School Amateur Radio Club Network
School Amateur Radio Club Network
School Amateur Radio Club Network
School Amateur Radio Club Network
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Satellite Antenna Rotator Controller and TRACker - Discontinued
SARCTRAC Mk3 is no longer available as a fully assembled, tested and calibrated product. We do not provide separate SARCTRAC software.

SARCTRAC Mk3 is a portable, integrated, satellite tracking system, which was available as a fully assembled, tested and calibrated product. With a SARCTRAC rotator and your own equipment and software you can listen to orbiting space beacons, make two-way satellite contacts, download earth images and decode satellite telemetry. It's both fun and educational!

SARCTRAC Mk3b Portable Setup
SARCTRAC was developed so that students at our School Amateur Radio Clubs can have fun and learn about Low Earth Orbiting satellites during our lunchtime sessions.

SARCTRAC was designed for portable operation: It takes minutes to set up, in the playground, on a mountain summit, down at our local footy oval or even in the backyard. Use it with your favourite PC-based, satellite tracking and radio control application right away. To listen and talk to satellites we like to use our Yaesu FT-817 radio, but for some satellites you can just use a hand-held, VHF/UHF FM radio - or even a pair of radios, so you can hear your own signal coming from the satellite. Our School Amateur Radio Club students think SARCTRAC is really fascinating to watch - and so do we. They try to imagine where the satellite is, by looking along the antenna boom and ask: "It's up there?"

The inspiration for SARCTRAC was to help little kids have fun in space: Well, at least to play with things in low earth orbit! You might be surprised just how many tiny cube-sats and regular polar-orbiting satellites there are. The first challenge is to know when are where the satellites will be. Then to point a hand-held antenna up at them for about 10 minutes while they pass overhead. You also have to constantly adjust your radio transmitter and receiver frequencies to compensate for something called Doppler shift. It turned out that our young radio enthusiasts found all that quite challenging, which detracted from the fun of getting to know our new friends in space. It was hard for us, too, just getting everything to work at different schools: So, we set about to design a fully automated system.

To make friends with a satellite you first have to know when and where it will be; point a small, directional antenna at it and use an Amateur Radio transceiver to listen or talk through it. It is a bit like fishing in the sky and just as challenging. It is really exciting when the kids hear their first satellite and then realise where it is. They always ask. “Can we talk to it?” We say. “Of course, you can.” But the reality is that satellites move so fast that their position and radio frequency is constantly changing. Tracking a satellite by hand, while trying to tune an Amateur Radio transceiver for a typical 10-minute overhead pass, is a real chore for kids. Setting up an automatic tracking system, with a commercial antenna rotator is both tricky and expensive. So, we designed SARCTRAC to be quick and easy for the kids to set up, and now, it does all the work for them. SARCTRAC helps kids spend more time listening to signals from space, receiving data or pictures and even communicating with others via satellites. School kids in space? We say "No problems"!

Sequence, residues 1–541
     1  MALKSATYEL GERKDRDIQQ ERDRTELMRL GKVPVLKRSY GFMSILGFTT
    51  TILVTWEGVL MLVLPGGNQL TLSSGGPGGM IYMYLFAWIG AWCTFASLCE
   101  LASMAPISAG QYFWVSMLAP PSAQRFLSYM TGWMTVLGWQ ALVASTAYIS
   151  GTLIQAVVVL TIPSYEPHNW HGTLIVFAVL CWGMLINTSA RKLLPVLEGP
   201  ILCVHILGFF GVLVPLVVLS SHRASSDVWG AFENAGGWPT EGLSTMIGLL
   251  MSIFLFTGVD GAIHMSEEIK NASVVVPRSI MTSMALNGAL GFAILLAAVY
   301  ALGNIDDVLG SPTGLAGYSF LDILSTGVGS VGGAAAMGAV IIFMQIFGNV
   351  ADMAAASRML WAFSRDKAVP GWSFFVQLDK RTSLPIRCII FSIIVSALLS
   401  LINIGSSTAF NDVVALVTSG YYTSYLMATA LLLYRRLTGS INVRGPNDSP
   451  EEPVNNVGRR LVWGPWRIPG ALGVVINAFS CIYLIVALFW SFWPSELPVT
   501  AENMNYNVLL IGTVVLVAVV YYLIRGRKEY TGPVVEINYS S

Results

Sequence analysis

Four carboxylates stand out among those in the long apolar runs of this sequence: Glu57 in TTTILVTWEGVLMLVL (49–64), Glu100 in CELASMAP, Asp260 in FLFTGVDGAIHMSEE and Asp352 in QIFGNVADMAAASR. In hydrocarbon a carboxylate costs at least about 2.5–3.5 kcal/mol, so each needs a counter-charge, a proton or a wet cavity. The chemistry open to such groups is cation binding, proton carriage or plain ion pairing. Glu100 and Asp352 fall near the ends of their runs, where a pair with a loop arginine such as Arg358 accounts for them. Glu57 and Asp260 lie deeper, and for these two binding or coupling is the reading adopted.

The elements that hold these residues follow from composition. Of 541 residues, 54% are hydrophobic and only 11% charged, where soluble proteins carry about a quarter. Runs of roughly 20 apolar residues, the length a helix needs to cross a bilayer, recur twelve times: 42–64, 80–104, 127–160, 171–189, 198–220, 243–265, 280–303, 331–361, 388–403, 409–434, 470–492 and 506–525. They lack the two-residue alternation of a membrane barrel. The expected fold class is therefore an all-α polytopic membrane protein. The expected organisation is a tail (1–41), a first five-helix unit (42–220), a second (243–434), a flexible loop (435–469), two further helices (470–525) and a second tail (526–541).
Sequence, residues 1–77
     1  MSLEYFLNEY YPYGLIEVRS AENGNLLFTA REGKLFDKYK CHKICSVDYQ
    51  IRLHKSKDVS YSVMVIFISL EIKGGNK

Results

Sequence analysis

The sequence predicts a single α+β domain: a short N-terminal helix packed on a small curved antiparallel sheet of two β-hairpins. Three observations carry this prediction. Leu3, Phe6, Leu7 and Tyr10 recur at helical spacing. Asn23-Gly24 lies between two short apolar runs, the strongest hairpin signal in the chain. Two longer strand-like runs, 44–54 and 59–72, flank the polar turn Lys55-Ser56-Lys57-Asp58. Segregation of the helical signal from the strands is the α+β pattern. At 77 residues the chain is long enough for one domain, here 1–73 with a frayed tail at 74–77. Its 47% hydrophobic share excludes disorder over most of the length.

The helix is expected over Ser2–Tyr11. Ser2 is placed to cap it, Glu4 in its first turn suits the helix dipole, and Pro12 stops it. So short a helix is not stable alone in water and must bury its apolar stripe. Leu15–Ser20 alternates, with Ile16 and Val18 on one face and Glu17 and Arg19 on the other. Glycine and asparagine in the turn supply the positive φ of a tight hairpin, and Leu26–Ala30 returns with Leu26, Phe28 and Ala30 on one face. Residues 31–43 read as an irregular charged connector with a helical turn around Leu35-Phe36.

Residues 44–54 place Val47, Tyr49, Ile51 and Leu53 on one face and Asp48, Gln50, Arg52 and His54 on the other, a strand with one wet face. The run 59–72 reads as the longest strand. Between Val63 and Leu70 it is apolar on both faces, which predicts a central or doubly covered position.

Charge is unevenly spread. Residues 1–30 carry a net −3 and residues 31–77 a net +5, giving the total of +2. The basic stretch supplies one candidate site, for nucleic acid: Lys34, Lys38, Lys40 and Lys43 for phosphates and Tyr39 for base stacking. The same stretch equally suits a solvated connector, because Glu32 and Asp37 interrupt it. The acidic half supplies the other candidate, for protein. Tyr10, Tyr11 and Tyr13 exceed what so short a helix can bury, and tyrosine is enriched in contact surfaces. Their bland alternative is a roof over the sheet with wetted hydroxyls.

We first introduced our free, Arduino-based, "Mini Satellite-Antenna Rotator" in 2015. It was a great success, with over 1000 radio enthusiasts from around the world building one. Unfortunately, sourcing the correct components, compiling and uploading the software and calibrating the sensor was too much for many who attempted building it. Let alone the pitfalls of setting up and using third-party, satellite-tracking software. And, as much as we love helping our readers out, we realised that we were spending more time supporting them than developing new projects for the kids.

We partly solved that problem by designing an integrated satellite tracking system that just works: SARCTRAC Mk1 took us over 15 months to develop and was the second generation of our 3D-sensor based antenna rotator. It was half the size of the original unit with many new features. SARCTRAC Mk1 was offered as a DIY kit with all the parts and software required. Unfortunately, it only supported one type of radio: The Yaesu FT-817 and was only suitable for the experienced builder. So, we were still confronted with a large support effort.

In 2020, due to the COVID-19 pandemic, we experienced parts shortages, freight delays and months of home isolation. So, we spent another 5 months re-designing and developing SARCTRAC Mk2, with many more new features. We offered the first 40 units as a fully assembled, tested and calibrated product. This approach provided us with a wealth of experience in the production process. In the end we decided this was the only way to ensure quality components, production processes, reduced support effort and, ultimately, customer satisfaction. We continued our small-scale production effort of fully assembled, tested and calibrated SARCTRAC Mk2 products into 2021, even though our primary goal is introducing STEM to school kids using Amateur Radio.